President Trump, officials from his administration and political operation, many Republicans in Congress, and conservative pundits and activists are criticizing special counsel Robert Mueller and his team and questioning the fairness of his investigation into Russian interference in the 2016 elections. Liberals see the anti-Mueller campaign — which has cast the investigation as akin to an attempted coup and in the last week escalated to calling for Mueller’s dismissal — as the obvious prelude to Trump firing Mueller.
But it’s best to understand what is happening as an anti-Mueller campaign with four potential goals, only the most dramatic of which is Trump dismissing the special counsel. Fundamentally, this is a campaign to weaken and undermine Mueller, even if he remains in his post.
I should emphasize what seems likely but has not been confirmed directly by Mueller or Trump and his allies (and may in fact not be the case): All of this jockeying is probably about whether Mueller will indict either the president himself or, more likely, Jared Kushner, Trump’s son-in-law and one of the few people who has had senior roles in both the 2016 campaign and the White House. It’s not clear whether there are sufficient charges to indict Kushner, but there are indications that he is under serious scrutiny from Mueller. A Kushner indictment would be a huge setback to Trump, not to mention its family dimensions, so scuttling it is likely to be important to the president.
It’s not clear that the anti-Mueller campaign is coordinated, in the sense that congressional Republicans, White House officials and Fox News executives sat in a room together and planned how to attack Mueller and his team. At the same time, the various conservative players seem to be watching each other’s steps, creating what CNN media reporter Brian Stelter has dubbed an “anti-Mueller feedback loop.” For example, you can see anti-Mueller comments first made on Fox News echoed by the president.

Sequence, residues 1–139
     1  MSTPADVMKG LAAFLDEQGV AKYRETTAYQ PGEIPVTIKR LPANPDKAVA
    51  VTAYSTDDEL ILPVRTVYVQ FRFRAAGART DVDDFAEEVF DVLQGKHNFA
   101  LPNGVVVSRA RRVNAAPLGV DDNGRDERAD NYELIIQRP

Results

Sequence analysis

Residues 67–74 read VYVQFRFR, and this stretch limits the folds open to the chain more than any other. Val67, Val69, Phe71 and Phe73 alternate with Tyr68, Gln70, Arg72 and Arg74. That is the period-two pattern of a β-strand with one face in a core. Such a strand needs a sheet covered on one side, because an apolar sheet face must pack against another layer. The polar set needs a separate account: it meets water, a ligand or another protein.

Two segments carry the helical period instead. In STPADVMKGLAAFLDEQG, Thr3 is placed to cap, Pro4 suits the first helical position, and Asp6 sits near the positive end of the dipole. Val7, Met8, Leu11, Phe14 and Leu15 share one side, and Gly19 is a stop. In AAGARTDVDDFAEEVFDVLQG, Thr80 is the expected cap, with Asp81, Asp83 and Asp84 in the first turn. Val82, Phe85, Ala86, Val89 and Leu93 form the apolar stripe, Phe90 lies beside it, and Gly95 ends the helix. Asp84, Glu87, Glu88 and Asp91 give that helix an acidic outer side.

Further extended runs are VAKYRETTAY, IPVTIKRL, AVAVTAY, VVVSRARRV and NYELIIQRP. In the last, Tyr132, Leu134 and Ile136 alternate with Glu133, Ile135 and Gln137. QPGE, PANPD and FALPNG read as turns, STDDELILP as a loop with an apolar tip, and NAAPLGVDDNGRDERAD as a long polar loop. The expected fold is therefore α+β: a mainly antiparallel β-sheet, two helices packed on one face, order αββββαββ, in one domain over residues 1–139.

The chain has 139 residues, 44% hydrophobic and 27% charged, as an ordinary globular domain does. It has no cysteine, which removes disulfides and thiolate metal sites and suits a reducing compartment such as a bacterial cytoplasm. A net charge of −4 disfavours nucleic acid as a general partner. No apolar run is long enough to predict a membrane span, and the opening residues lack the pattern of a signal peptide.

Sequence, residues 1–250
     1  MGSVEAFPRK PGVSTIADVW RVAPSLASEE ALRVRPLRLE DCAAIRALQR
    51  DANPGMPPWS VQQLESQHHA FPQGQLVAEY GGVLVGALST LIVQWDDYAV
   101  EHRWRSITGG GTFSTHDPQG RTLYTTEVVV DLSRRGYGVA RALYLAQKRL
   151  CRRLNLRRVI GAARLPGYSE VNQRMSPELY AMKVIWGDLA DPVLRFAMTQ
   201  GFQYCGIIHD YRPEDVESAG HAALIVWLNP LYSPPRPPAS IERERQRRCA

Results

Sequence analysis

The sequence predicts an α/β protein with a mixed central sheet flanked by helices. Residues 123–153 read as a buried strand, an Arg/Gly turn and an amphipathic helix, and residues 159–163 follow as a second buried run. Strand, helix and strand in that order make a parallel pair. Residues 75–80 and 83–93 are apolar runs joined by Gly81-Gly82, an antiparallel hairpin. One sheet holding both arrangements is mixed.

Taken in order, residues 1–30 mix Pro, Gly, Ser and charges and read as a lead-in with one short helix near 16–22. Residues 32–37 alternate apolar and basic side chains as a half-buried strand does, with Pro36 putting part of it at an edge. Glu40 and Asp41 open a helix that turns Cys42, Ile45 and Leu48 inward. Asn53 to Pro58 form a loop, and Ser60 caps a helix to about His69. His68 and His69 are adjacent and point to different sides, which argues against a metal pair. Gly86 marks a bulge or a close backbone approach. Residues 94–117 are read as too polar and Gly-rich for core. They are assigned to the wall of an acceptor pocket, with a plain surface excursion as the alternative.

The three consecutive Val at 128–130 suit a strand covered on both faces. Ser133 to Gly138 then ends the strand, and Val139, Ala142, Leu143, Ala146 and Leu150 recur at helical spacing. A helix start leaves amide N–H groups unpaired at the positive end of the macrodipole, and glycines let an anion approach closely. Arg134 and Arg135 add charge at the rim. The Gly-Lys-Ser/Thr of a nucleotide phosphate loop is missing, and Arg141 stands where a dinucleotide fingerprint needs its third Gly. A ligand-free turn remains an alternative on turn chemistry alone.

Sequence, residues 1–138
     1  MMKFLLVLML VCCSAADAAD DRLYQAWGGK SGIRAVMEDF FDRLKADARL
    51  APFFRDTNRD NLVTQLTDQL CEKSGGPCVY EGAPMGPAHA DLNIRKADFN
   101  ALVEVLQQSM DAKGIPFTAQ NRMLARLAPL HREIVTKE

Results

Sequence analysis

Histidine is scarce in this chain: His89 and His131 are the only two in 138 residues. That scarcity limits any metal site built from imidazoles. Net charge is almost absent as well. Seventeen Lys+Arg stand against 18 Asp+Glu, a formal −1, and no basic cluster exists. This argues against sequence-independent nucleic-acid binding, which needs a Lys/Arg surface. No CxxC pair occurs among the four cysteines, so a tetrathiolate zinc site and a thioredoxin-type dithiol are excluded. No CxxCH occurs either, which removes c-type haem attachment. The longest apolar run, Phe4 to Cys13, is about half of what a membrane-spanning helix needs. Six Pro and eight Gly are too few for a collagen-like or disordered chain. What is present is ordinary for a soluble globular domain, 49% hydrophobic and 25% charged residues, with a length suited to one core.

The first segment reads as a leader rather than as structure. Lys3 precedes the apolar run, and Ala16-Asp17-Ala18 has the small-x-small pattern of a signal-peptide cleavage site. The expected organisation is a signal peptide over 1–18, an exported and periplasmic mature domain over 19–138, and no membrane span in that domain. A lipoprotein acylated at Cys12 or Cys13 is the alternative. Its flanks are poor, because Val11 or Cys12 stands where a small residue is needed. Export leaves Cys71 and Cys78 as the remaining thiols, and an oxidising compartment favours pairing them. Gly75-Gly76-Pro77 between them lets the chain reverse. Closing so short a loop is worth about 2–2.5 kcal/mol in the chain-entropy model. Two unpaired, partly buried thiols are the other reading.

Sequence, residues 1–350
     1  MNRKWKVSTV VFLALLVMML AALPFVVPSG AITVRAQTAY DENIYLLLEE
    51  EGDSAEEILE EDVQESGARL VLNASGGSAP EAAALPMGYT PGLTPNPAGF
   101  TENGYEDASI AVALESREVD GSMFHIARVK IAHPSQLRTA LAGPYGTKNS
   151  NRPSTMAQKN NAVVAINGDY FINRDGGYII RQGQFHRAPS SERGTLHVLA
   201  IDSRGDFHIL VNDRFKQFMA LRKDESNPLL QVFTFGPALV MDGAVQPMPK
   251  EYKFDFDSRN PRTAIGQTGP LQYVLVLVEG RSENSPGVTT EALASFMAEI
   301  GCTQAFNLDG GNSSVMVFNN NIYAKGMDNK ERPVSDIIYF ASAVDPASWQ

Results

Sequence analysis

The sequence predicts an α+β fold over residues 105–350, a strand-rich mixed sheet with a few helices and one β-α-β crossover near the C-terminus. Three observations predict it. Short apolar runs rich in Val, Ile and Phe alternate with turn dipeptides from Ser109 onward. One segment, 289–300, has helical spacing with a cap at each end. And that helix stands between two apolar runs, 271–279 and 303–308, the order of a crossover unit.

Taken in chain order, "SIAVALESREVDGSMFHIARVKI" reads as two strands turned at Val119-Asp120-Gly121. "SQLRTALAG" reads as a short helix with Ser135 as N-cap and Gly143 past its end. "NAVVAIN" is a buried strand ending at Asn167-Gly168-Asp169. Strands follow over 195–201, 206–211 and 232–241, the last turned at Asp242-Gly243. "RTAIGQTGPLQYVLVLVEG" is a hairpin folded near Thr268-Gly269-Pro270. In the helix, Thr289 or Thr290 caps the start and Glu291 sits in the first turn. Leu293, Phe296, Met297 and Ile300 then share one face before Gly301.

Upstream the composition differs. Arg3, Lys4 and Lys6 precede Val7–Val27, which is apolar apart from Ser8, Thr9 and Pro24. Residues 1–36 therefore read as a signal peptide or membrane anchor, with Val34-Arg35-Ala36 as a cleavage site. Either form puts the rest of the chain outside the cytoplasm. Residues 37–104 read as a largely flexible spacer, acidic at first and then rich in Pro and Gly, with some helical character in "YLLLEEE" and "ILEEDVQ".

Coordinated or not, the anti-Mueller campaign has at least five different elements:
- Attacking Mueller’s team by highlighting text messages that were critical of the president from an FBI official who was on Mueller’s team and donations by some on Mueller’s team to Hillary Clinton’s 2016 campaign.
- Casting Mueller as a bad manager by in effect suggesting he has hired a team of anti-Trump people and let them run wild.
- Calling for a second special counsel to investigate various controversies from Obama’s presidency and Clinton’s tenure as secretary of state — best understood as a kind of “whataboutism” that would weaken Mueller’s probe by normalizing it.
- Investigating the investigation by disputing its methods, especially the FBI’s use of a “dossier” of information on Trump and his team’s connections to Russian officials that was compiled by former British intelligence officer Christopher Steele.
- Dictating timelines Mueller has not agreed to by proclaiming that the investigation is winding down or that Mueller’s team has already interviewed everyone at the White House, potentially creating an expectation that Mueller’s probe will be done soon regardless of his actual timetable.